OCRACOKE LIGHTHOUSE

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OCRACOKE LIGHTHOUSE
OCRACOKE LIGHTHOUSE
OCRACOKE LIGHTHOUSE
June 22, 2017 8:30 am EST
Location: 33.436N 77.743W
Wind Dir: WSW (240°)
Wind Speed: 6 knots
Wind Gust: 8 knots
AT Ps: 30.11 in (1019.8 mb)
Air Temp: 81°F (27.0°C)
Dew Point: 78°F (25.6°C)
Water Temp: 81°F (27.0°C)

OCRACOKE LIGHTHOUSE
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SaltwarerCentral.Com - About the Lighthouses
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November 13, 2004 10:34 AM EST

OCRACOKE LIGHTHOUSE

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OCRACOKE LIGHTHOUSE

Photo by Avril Stephens

As a consequence of the invitation held out by the act of August 7, 1789, and other similar acts of Congress, various cessions of lighthouses, beacons, buoys, public piers, and lots of land for lighthouses were made from time to time by the various States, vesting the property, jurisdiction, and sometimes both, or right of occupancy in the Government of the United States. On February 7, 1795, land necessary for a lighted beacon on Shell Castle Island (later known as Beacon Island) was turned over to the United States by the State of North Carolina and in a deed from J. G. Blount and John Wallace bearing the date of November 29, 1797, for a lot on Shell Castle Island, it was stipulated "that no goods should be stored, no tavern kept, no spirits retailed, no merchandise to be carried on, and that no person should reside on, or make it a stand to pilot or lighter vessels."

The first lighted beacon at Ocracoke was built on Shell Castle Island in the year 1798, and was erected in connection with the lighthouse on Cape Hatteras. This was authorized on July 10, 1797. Further appropriations for this beacon were made in 1800, 1803, and 1808.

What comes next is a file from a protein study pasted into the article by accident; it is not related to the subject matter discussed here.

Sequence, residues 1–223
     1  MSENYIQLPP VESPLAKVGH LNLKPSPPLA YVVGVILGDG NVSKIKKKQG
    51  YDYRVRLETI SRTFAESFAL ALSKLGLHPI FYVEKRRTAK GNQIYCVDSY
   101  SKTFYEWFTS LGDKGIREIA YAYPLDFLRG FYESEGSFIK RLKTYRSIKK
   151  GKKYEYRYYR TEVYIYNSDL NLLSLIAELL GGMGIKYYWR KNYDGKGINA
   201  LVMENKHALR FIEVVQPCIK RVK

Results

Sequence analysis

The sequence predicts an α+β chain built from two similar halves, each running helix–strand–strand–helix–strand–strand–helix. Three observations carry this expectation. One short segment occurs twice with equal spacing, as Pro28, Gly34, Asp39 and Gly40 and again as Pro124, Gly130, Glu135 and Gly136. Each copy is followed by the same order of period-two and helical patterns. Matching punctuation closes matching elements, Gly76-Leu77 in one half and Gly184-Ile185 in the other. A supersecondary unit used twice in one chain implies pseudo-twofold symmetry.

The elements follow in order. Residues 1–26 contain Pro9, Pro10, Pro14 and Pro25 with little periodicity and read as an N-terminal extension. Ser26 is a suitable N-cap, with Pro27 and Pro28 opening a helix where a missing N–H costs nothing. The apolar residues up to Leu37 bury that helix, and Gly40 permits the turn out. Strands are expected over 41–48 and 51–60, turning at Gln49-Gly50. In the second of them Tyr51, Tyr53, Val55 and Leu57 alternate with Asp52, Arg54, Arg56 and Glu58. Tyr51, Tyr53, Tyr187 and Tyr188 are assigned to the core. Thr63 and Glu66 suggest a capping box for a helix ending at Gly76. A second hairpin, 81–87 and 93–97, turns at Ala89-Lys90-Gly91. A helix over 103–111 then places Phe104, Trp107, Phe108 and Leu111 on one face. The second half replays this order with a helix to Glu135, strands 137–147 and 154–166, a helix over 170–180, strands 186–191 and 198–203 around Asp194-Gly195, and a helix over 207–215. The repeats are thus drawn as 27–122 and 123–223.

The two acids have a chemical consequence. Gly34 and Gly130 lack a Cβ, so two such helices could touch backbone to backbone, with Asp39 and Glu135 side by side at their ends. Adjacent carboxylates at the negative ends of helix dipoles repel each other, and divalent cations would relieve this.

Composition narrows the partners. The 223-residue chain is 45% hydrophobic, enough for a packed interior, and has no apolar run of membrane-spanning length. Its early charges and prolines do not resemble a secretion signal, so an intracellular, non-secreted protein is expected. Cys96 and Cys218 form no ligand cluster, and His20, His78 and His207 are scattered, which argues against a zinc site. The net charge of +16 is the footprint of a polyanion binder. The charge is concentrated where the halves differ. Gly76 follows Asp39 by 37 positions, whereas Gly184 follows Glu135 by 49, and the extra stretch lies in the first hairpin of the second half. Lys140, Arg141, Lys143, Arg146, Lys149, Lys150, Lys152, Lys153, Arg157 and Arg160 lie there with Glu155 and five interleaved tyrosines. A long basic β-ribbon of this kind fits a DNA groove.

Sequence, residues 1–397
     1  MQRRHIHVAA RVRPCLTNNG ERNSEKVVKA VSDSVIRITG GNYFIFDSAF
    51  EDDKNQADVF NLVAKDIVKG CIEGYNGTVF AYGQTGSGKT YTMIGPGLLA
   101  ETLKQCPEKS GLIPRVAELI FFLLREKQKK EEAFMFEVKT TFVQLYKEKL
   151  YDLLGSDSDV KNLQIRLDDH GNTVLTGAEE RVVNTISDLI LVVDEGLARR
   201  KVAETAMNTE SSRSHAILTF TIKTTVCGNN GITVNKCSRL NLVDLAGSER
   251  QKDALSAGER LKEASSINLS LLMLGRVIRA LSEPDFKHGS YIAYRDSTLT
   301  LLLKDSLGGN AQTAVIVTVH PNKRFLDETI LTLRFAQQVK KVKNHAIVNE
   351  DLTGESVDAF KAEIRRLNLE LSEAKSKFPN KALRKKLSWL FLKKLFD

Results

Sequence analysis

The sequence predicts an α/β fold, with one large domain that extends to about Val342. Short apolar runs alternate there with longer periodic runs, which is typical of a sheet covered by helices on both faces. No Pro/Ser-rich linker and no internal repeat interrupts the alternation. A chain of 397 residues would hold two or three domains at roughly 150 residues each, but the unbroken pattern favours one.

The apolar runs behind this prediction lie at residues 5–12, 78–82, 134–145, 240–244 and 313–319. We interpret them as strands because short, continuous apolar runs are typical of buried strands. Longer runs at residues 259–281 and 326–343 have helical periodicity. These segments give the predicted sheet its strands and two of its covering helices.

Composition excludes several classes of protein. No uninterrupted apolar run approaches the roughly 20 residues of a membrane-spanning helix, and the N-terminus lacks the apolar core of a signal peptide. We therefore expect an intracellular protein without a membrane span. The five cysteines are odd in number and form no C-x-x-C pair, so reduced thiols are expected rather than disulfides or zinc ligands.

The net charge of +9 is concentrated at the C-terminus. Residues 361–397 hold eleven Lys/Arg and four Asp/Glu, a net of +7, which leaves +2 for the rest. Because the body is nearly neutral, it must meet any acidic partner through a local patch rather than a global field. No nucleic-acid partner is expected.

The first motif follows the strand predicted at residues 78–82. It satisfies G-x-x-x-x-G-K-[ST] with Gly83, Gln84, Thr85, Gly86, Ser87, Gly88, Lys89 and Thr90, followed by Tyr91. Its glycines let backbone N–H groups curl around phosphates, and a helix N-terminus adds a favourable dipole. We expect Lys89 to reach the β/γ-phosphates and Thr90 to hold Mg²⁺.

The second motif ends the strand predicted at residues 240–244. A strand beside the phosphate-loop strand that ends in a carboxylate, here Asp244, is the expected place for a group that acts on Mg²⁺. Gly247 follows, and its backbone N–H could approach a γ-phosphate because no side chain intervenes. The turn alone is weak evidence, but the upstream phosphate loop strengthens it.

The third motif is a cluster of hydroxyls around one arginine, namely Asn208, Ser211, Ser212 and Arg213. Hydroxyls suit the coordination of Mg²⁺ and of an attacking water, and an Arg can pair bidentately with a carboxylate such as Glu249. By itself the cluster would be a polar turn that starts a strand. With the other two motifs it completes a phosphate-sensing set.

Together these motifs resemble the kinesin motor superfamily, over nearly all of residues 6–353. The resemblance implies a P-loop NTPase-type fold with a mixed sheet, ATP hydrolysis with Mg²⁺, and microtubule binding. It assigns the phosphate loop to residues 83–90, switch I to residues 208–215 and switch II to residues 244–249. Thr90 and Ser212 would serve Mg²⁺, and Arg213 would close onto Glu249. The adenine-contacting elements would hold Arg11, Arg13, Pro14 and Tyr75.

On May 15, 1820, Congress appropriated $14,000 "for building a lighthouse on Shell Castle Island, in the State of North Carolina, or, in lieu thereof, a light vessel to be moored in a proper place near said island if, in the opinion of the Secretary of the Treasury, the latter shall be preferred."

A total of $6,625 was spent in 1820 and 1821 for this purpose. "In process of time" Mr. S. Pleasonton, Fifth Auditor of the Treasury, later wrote "the channel leading in and out of Ocracoke left the lighthouse the distance of a mile, so as to render it altogether useless. The fact being made known to Congress, an appropriation was made of $20,000 for building another near the channel, and this was built in 1823, by Noah Porter, of Massachusetts, for $11,359.35."

This light was built on Ocracoke Island under a congressional authorization dated May 7, 1822. It was built on 2 acres of land sold to the United States for $50 on December 5, 1822, by Jacob Gaskell, jurisdiction being ceded to the United States by the North Carolina General Assembly on December 28, 1822.

The 1854 report of the Lighthouse Board indicated that at Ocracoke Island a fourth-order Fresnel fixed white light was substituted for the old reflecting illuminating apparatus. In 1857 the Board reported "The Ocracoke channel light vessel and the Beacon Island lighthouse, at the same place have, several times, been reported by this Board as useless and their discontinuance recommended. The erection of a small beacon light at the Ocracoke main light station, to serve as a range light, at a cost, if authorized, of not over $750, and to form a part of the present light station at Ocracoke, will fully subserve the wants of the present and prospective navigation of that inlet much better than by keeping up the Ocracoke Channel and Nine Feet Shoal light vessel, and Beacon Island lighthouse, at an annual saving of between $5,000 and $10,000." Congress appropriated the $750 for the beacon range light on Ocracoke Island on March 3, 1859, "provided that the lighthouse on Beacon Island and Ocracoke Light vessel be discontinued after the erection and exhibition of the aforesaid beacon light." In 1862 the Beacon Island light tower was still standing but the lens had been removed. Meanwhile new Franklin lamps had been substituted for valve lamps in the Ocracoke Lighthouse. In 1899 new model fourth-order lamps were supplied. The present white tower, on Ocracoke Island built in 1823, stands 76 feet above the ground and 75 feet above water and the 8,000-candlepower, fourth-order fixed white electric light is visible for 14 miles. (1) (2)

 

Source USCG

 




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